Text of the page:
After taking first place in the Big Ten Track and Field Indoor Championships Feb. 22-23 and third in the NCAA Championships March 8-9, the Badgers have had another solid indoor track season with head coach Ed Nuttycombe at the helm. In his 30-year career, Nuttycombe has recieved 33 Coach of the Year honors throughout his coaching career and won 26 Big Ten Championship titles along the way. As the indoor season comes to a close, Nuttycombe took some time to sit down with The Badger Herald to talk about trophies, recruiting and the approaching outdoor season.
The Badger Herald: What does being named Big Ten Coach of the Year for the 22nd time in your career mean to you?
Ed Nuttycombe: It means I’ve been here a long time, and it means I’ve been fortunate enough to have a lot of great coaching staffs and good athletes. You know those honors, they’re wonderful, but you really do share them with your staff and your team because without them, they don’t exist.
EN: [That he] worked hard, took care of his athletes, was consistently competitive and enjoyed the process.
BH: The success of the track program has led you to 26 Big Ten Championship titles in 30 years. What do you as a coach need to do to keep Wisconsin competing at such a high level?
EN: We need to continue to attract great athletes, continue to have stability in our coaching staff and upgrade our facilities.
BH: As far as upgrading facilities goes, how would that impact the athletes that are already here, and your ability to get recruits to come to Wisconsin?
EN: I’m not sure it makes the athletes better … I think it makes it easier to attract future athletes because you have great facilities, which demonstrates commitment from the university and commitment to your sport.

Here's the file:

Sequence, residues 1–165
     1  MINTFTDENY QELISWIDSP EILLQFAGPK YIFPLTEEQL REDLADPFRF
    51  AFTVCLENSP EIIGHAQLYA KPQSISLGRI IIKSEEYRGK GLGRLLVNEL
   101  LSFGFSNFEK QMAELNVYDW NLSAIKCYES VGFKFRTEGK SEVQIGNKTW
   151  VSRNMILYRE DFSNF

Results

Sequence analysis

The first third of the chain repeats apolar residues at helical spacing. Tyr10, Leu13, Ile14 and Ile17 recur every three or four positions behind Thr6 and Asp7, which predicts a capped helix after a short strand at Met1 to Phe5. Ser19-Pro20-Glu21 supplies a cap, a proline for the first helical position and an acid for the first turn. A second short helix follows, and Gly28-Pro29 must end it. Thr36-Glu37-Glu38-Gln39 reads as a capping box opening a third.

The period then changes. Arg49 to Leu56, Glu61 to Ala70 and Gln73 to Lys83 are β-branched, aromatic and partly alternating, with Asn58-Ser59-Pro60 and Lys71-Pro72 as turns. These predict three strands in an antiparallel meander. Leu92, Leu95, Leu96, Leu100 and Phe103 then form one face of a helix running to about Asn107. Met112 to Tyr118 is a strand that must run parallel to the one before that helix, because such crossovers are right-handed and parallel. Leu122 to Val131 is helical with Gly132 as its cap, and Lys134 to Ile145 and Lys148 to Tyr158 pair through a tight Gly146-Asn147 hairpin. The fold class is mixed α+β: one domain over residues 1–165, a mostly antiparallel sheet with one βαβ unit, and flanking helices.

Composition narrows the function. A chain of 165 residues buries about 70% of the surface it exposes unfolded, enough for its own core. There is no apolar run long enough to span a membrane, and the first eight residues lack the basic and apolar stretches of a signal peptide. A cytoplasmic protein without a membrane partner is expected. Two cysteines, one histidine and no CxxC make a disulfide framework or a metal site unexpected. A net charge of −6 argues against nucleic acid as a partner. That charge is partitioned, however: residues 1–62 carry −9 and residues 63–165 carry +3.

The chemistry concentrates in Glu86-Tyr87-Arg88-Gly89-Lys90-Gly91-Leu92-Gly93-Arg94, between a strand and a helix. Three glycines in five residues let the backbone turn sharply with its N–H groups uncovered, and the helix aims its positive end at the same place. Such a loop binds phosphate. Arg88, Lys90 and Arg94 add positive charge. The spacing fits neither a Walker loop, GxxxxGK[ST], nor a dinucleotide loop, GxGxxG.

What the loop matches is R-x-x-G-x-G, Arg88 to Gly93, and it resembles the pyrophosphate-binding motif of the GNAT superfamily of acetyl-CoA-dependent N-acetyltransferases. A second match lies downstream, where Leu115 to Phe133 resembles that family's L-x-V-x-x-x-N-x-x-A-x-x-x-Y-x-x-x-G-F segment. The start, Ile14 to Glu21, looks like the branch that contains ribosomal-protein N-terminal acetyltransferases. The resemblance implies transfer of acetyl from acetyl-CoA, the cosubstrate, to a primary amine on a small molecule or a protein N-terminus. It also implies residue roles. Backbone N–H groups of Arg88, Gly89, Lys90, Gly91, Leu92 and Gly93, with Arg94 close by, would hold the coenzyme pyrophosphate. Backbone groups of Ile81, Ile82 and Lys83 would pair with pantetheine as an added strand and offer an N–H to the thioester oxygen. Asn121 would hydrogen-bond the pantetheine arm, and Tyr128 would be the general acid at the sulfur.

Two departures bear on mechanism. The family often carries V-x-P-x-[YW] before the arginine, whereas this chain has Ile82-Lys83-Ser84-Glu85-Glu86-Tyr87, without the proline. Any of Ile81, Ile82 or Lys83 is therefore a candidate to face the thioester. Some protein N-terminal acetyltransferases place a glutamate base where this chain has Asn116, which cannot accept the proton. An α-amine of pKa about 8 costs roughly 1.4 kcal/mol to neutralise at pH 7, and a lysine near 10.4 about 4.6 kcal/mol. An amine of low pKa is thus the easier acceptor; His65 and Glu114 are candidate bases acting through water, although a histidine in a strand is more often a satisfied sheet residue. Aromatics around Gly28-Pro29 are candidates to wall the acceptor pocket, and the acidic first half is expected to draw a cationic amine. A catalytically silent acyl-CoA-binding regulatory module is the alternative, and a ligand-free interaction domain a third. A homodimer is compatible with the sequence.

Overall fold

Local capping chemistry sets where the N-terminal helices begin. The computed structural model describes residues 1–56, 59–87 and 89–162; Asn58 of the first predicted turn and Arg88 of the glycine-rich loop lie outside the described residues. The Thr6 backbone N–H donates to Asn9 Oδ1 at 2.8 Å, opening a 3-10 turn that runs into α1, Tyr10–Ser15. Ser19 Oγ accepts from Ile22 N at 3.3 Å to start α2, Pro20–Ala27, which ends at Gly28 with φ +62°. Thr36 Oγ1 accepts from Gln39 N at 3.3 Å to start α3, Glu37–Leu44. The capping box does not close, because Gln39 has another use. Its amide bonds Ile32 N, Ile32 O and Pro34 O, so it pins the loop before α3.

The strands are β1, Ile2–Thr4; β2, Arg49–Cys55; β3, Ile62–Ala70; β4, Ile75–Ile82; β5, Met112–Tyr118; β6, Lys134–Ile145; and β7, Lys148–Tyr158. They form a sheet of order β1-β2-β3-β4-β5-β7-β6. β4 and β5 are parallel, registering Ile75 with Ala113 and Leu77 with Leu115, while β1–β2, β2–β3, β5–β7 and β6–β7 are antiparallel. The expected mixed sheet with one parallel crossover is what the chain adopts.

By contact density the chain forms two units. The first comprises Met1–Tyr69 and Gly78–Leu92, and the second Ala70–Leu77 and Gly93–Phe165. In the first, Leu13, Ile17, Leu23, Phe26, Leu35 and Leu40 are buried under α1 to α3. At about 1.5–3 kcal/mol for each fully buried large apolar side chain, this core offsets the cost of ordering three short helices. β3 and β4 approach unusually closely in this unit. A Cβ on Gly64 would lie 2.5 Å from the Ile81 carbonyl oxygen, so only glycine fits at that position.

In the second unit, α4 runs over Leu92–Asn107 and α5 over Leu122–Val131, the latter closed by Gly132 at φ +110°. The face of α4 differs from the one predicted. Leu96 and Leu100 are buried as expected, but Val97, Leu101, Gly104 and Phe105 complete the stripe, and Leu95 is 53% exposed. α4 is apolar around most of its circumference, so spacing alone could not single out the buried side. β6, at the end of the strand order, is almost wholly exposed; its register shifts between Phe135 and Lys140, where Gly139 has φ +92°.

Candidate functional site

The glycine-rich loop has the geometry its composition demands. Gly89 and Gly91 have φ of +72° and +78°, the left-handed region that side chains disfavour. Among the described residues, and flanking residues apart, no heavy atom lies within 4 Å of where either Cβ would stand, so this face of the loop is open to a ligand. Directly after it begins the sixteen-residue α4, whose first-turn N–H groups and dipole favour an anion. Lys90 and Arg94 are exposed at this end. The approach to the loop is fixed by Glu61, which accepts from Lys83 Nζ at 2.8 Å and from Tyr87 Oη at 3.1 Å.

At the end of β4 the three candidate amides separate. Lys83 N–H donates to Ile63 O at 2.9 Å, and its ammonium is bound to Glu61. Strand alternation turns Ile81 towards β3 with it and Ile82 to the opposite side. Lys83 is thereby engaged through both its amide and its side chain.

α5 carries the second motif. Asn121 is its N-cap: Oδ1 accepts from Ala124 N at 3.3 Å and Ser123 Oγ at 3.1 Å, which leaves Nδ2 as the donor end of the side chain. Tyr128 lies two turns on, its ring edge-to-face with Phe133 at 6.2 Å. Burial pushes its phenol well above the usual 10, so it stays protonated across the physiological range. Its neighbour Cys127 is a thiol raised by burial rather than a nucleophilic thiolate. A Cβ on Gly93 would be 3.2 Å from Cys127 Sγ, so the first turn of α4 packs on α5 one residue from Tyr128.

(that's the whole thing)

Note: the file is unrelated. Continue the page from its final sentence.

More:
BH: What are your goals as a coach going into each season? Are you looking for more individual success or success with the team as a whole?
EN: I think that you build your team success around the individual success and if enough individuals excel, you’re going to have a pretty good team. But, I think having had the history that we have, I certainly would not be honest if I didn’t say we were looking to do as well as we can as a team at the conference and national level.
BH: Looking at some of your athletes, why has the heptathlon duo of junior Japheth Cato and sophomore Zach Ziemek been so successful?
EN: It goes back a lot of years, and the young guys learn from the older guys as they graduate and turn over. Last year we had three seniors that turned the reins over to some younger guys this year, and you build on what you’ve had. Quite honestly, there’s a commitment in our program toward that area and not a lot of programs are willing to commit to coach those types of athletes because you’re coaching seven events with indoors or 10 events with outdoors to get one score. So there’s not a whole lot of places that are willing to put in that time and energy like we are, and we hope to be able to continue that success.